The party behind us on the patio at the winery was there to celebrate a lady’s 29th birthday. It would seem more than a few of the people who showed up to the party were not, in fact, her friends and were simply there for the wine, based on some of their (rather loud) exchanges. She did not seem to be enjoying her birthday at all. Although I initially begged her not too, Elise insisted on walking up to the lady’s table and singing “Happy Birthday” in her sweet, little voice (albeit at the top of her lungs). Everyone around her whipped out their phones to record the kid serenading a total stranger for her birthday. The lady, who turned out to be a school teacher here, was so moved by all the attention that she looked like she was going to weep. “You don’t understand,” her friend leaned over to tell me, “your daughter just made her night. Probably even her year.” Here I thought we were going to be humiliated by the whole thing, but it turned out to be a wonderful act of kindness. We were joking that with Elise’s love of languages and her love of people, she’s probably going to end up an ambassador.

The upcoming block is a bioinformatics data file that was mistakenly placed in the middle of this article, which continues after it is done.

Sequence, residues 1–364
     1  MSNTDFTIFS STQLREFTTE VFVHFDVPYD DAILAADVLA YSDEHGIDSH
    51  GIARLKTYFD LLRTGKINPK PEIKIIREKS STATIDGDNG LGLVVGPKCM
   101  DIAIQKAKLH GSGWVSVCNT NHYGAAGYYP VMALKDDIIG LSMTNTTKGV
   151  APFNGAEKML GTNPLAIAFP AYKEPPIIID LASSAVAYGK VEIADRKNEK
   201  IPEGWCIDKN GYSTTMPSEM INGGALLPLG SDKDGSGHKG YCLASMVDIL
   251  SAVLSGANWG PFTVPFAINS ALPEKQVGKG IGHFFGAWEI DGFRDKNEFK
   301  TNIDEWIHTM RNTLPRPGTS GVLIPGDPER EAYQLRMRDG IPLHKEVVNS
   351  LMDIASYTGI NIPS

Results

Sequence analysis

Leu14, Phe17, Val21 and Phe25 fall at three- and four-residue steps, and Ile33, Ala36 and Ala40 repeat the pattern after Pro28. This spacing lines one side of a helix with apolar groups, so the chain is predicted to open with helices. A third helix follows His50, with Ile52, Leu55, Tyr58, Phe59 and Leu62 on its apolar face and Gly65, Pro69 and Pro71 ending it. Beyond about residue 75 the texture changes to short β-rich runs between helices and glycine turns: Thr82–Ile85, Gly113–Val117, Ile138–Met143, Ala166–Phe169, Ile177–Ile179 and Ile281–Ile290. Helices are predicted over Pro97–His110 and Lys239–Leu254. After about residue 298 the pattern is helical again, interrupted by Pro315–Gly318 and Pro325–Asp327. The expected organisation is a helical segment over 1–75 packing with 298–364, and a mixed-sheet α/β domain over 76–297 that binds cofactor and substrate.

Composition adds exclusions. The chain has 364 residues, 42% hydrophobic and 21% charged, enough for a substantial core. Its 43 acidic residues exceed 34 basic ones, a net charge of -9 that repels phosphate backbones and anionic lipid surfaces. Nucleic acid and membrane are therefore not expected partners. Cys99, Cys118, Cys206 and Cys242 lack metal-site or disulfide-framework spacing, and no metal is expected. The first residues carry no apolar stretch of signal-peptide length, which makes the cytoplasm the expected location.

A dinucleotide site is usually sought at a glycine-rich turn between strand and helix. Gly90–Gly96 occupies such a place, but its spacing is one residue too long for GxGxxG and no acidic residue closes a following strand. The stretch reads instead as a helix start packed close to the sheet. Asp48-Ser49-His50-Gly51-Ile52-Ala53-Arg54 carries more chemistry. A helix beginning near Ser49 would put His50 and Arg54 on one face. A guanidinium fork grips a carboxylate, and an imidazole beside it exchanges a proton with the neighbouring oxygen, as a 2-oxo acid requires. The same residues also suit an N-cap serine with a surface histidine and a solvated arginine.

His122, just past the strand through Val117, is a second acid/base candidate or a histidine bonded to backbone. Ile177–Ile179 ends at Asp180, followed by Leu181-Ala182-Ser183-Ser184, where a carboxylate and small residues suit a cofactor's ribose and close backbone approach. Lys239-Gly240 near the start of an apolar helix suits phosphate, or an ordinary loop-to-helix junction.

On Sunday, we kept the bona fide weekend going by heading back up to St. Augustine. This time, we went to the A1A Ale Works in historic downtown, overlooking the harbor and the Bridge of Lions. (The lions are a reference to Ponce de Leon, who is ubiquitous in St. Augustine.)

The restaurant/brewery has an upstairs balcony with ornate wrought iron like one might find in New Orleans. It’s sufficient shelter on a stormy night, so long as the storms are coming from the west and not from over the ocean. We enjoyed watching the city and the boats in the rain. (Though not as entertaining, a bride who was posing for pictures with her wedding party on the bridge ended up drenched and fled the downpour over muddy city streets. She will probably have to have her dress emergency cleaned before the big day. Summer storms in Florida are no joke, y’all. You have to watch the sky.)